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Why ABC’s remake of V ‘The Visitors’ lost me at hello

REVIEW: Well. I’m pretty much the target audience for any science fiction show, having been born and raised on SF films (my parents took me to see 2001: A Space Odyssey at the Cinerama dome at age 6), and TV. I enjoyed the original “V” series with the mall hair, member’s only jackets, and moral heavy handed overtones of Visitors = nazis.

So, I was curious to see what a “re-imagining” of V might be like, since other such ventures have been hit or miss. Movie remakes of series have generally sucked (think Wild Wild West, which I loved as a kid), and it’s been rare that a remake exceeds the original work, as has been the case with Battlestar Galactica.

v the visitorsAs to the premiere of the new “V” last night? Frankly my dear, I was bored out of my mind. So many contrived elements which might have been acceptable in the “old days” of television (remember when they couldn’t show a bare bottom, or say “shit” on TV?), now seem not so quaint but just laughable. We know much more about biology, science, and the universe than we did when the original show was on.

Beyond the contrivance of the smart FBI chick’s kid just happening to become a convert of the V-meme, or the fact that it seems unlikely that lizard-people wearing bio suits would be able to live comfortably on Earth and maintain long-term relationships. Certainly, the idea of the “chameleon” comes into play, and that would have been far more interesting if the Visitors could change and shed their skin rather than wear the 1/2-inch thick rubber suits.

Is it really likely that a “visitor” (ne “invader”) would be able to pass all the x-ray, bio sniffer, and similar biometric systems in place after 9/11 in many public and other locales? Are they cold blooded? Would they show up as an empty spot on a heat sensitive security camera?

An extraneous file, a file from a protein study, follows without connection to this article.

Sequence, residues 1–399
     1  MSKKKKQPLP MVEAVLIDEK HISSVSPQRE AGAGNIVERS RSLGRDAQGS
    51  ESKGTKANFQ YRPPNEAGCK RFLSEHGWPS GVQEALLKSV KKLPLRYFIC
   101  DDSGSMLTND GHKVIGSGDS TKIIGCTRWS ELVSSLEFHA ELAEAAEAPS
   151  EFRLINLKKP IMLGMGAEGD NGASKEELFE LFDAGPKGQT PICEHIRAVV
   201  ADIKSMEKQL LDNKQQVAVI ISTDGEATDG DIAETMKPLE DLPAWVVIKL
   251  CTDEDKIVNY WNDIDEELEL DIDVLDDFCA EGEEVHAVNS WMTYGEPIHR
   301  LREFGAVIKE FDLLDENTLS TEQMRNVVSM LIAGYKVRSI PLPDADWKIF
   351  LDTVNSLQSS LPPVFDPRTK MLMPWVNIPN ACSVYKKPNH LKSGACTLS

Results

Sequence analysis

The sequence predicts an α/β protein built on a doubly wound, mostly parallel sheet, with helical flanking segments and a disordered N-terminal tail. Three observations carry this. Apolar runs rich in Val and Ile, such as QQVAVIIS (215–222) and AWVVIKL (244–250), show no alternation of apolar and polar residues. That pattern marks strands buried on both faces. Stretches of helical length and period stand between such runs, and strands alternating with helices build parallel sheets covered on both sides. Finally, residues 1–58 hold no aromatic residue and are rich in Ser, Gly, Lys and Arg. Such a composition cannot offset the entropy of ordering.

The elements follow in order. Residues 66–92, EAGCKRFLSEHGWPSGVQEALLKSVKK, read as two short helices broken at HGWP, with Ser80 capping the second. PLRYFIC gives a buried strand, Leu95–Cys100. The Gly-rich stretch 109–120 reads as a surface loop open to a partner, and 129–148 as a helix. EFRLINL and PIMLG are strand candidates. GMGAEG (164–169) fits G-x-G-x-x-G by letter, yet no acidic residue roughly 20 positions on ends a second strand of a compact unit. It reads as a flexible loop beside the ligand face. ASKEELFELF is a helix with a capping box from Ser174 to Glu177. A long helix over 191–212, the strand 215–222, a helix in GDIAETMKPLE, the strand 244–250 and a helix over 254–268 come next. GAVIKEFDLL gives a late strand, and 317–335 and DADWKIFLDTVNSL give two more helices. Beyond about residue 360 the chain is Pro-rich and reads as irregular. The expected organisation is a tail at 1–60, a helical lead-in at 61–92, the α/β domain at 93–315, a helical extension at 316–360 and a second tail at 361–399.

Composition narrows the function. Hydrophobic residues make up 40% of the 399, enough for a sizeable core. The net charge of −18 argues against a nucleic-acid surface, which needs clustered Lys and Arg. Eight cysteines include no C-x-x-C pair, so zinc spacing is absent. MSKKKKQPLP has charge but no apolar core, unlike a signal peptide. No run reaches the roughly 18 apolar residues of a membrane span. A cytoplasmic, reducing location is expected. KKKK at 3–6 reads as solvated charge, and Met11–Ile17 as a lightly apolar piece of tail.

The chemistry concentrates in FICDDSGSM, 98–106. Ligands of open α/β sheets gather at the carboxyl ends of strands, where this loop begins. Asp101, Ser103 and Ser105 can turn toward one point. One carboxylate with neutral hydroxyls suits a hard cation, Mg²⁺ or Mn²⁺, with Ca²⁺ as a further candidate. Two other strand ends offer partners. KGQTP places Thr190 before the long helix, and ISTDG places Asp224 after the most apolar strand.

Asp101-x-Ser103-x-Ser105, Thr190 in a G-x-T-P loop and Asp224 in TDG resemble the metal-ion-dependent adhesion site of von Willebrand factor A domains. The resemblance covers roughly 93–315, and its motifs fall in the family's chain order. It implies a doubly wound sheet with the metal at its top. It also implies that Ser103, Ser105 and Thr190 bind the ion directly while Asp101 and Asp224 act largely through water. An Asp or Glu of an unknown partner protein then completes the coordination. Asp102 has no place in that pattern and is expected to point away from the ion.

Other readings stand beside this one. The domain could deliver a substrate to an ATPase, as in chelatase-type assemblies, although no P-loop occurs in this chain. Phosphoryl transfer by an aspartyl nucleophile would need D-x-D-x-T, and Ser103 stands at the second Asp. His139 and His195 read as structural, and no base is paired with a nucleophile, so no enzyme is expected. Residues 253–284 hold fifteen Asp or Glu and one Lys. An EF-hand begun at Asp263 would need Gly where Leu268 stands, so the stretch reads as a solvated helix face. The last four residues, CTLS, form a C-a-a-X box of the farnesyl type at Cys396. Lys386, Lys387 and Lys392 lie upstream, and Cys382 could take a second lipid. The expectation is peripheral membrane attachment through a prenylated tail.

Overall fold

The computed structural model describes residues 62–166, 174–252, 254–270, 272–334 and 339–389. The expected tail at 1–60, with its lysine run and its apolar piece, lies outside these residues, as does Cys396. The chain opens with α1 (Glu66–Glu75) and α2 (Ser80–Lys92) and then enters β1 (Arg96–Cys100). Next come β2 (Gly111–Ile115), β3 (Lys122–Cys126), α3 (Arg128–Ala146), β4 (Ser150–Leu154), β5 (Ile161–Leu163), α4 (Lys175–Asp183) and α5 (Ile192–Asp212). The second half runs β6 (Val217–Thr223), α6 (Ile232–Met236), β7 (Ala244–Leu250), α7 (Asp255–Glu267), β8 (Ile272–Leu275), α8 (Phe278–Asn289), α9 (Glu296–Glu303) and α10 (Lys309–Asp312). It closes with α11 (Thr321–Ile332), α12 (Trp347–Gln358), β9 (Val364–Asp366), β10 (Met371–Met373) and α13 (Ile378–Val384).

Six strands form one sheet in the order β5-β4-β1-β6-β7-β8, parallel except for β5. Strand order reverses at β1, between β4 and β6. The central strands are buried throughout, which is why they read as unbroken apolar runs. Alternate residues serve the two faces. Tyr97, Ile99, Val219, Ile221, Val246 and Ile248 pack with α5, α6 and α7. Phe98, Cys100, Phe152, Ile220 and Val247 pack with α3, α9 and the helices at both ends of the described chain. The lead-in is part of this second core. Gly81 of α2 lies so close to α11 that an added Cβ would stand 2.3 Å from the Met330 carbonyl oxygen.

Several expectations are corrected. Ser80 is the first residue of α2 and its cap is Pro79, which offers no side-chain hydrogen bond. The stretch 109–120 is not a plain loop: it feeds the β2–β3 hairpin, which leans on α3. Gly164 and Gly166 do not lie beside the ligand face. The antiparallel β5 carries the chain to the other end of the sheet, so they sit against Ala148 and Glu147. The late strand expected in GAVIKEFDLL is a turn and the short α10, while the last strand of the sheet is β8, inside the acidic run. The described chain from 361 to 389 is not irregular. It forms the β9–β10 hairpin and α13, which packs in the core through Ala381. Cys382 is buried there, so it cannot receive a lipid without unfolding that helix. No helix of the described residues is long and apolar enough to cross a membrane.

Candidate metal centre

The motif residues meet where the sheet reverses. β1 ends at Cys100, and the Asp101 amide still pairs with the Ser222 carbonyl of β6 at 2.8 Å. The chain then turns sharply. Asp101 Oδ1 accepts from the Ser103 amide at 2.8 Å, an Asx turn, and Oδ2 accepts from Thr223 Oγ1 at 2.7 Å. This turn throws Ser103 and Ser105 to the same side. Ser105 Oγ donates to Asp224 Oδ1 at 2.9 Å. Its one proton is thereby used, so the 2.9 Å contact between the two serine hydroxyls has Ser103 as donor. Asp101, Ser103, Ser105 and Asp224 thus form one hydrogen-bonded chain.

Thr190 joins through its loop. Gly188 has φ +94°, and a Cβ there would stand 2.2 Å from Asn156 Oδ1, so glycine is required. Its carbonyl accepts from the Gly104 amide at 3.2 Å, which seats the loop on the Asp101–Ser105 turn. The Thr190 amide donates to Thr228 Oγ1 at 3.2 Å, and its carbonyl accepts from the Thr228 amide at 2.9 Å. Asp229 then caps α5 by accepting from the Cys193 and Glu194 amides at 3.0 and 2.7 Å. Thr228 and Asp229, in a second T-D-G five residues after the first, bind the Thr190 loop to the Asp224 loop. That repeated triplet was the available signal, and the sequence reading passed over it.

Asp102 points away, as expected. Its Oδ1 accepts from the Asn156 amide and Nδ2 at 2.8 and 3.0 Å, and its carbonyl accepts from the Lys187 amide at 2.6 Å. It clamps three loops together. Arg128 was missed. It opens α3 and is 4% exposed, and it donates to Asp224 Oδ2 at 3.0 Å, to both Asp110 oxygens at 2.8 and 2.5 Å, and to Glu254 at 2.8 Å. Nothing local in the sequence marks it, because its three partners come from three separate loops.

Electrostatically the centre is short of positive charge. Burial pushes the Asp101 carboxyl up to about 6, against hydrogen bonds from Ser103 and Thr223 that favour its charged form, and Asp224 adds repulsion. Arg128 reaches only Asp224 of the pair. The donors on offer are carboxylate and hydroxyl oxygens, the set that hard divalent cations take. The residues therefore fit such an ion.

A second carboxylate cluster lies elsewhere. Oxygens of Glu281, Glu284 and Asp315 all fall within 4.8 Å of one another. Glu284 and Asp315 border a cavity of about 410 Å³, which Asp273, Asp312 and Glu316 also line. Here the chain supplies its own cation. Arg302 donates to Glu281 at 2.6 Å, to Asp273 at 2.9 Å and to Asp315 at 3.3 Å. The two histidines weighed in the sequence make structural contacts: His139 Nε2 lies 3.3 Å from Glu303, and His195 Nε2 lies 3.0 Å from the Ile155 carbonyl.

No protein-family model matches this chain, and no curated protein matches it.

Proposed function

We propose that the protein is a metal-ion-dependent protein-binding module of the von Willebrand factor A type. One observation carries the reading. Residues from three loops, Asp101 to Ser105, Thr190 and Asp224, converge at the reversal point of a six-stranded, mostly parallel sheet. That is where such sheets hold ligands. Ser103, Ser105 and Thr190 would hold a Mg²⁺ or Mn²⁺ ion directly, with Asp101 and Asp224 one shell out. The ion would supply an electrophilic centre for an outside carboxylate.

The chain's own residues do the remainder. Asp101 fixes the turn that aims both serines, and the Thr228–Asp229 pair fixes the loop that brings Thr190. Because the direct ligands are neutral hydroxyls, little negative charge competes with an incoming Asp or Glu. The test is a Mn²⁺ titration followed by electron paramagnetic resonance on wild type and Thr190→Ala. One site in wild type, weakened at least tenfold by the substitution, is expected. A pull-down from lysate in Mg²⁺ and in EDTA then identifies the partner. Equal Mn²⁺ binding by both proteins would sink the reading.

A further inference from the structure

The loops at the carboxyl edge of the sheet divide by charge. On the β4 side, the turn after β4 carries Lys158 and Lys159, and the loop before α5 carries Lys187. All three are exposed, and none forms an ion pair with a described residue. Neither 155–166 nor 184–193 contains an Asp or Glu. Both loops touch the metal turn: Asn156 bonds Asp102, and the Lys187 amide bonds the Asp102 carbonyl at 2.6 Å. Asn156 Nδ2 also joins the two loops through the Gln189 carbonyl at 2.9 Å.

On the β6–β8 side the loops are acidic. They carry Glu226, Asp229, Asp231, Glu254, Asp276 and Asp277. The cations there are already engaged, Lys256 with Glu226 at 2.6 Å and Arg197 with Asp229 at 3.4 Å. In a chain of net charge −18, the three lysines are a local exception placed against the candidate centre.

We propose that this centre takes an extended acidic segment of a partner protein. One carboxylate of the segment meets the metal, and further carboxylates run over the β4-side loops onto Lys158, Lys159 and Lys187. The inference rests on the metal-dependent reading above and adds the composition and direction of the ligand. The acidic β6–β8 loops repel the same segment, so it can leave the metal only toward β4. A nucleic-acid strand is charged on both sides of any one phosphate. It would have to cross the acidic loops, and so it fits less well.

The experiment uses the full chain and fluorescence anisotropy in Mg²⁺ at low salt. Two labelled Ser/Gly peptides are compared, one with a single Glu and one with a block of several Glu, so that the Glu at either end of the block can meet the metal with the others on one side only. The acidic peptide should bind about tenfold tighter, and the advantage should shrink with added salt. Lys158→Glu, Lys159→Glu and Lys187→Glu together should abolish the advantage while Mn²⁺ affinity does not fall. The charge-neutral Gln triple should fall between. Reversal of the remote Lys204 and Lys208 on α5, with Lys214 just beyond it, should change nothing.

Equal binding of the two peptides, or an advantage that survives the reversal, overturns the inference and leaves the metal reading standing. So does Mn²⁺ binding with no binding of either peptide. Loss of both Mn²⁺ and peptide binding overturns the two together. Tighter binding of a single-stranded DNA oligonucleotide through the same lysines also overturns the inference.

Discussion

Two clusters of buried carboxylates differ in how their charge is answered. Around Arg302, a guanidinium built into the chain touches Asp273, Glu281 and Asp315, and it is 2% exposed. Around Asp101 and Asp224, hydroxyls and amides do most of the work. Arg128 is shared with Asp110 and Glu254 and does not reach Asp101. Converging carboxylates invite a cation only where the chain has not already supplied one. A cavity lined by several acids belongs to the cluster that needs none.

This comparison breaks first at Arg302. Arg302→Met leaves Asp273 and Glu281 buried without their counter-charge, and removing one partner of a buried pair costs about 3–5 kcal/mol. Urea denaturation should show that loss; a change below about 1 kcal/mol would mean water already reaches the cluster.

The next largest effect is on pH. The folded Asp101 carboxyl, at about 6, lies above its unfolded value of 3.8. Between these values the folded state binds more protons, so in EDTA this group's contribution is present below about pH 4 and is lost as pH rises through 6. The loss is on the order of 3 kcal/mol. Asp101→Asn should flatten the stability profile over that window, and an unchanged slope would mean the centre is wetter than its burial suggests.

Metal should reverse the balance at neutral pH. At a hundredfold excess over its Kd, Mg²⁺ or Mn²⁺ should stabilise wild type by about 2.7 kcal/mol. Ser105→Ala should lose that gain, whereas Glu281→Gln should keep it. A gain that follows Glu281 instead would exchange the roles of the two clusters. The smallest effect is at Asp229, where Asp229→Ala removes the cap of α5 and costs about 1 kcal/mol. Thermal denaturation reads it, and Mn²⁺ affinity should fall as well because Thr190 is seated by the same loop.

I find it unlikely that a race of horny (pun intended) lizard folk would be attracted naturally to us smooth-skinned types which goes against their general biology. I’ve never had a lizard come up and try to hump my leg, or sit on a rock in the desert and give me the googly eyes like these visitors do. And sexually compatible? Really?

I think we’ve seen so many end of the world, day the earth stood still, when worlds collide kind of films over the past sixty years that the general rule of anybody raised on pop culture would be suspect of ANYBODY showing up in a space ship. We can barely trust our neighbors, our spouses, our children, or even folks in different states of the USA. We make fun of the French for not joining in a massacre of innocents in other countries (“freedom fries”) but we’d accept a bunch of “too good to be true” aliens showing up in a bunch of space ships and not wanting anything.

And apparently TV anchors can now do their own stories without a news director overseeing the program. That didn’t work for Dan Rather, so why would this be allowed by the guy interviewing the Visitors on international TV now? Don’t buy it, sorry.

If we don’t trust our own government to run a health care plan (where’s Sarah Palin in this? if she thinks Obama is running death panels, what would she say about the visitors?), would we trust aliens who have been around for about a minute to offer a health care plan. Um, yeah, scan my DNA, you won’t sell it on the alien internet will you?

At least they got the obvious out of the way at the outset – best friend an alien, check. Tagging now means positive “V” viral marketing, check. Contrived family relationship to put mother and child at odds when the world is at stake. Aliens with misgivings about “what’s really going on” (but never bothered to tell anybody before the visitors came down in full force). Really?

Although “V” did well in the ratings, I ended up tuning out, and letting the DVR record it, and switched over to NCIS, which won the ratings that night. I watched the rest afterwards, but was still bored.

So what comes next? A whole season of watching clueless people discover everything the audience already knows? They want our resources, they like having sex with humans (might be more interesting on Showtime, but definitely not on ABC), the like to eat their mates. What is there to learn we don’t already know.

I’m not sure who the target audience is now, since it’s far less interesting than ABC’s FlashForward, not remotely as good as Battlestar Galactica, and not even as flippant and junk-food-enjoyable as Psych. Perhaps the Gen-Y who never saw the original, or perhaps people who will watch anything. Maybe it’s just me, but I expect more from my B-grade sci-fi than I used to.

They lost me at hello.

Article is Copr. © 2009 Christopher Simmons. Article originally appeared on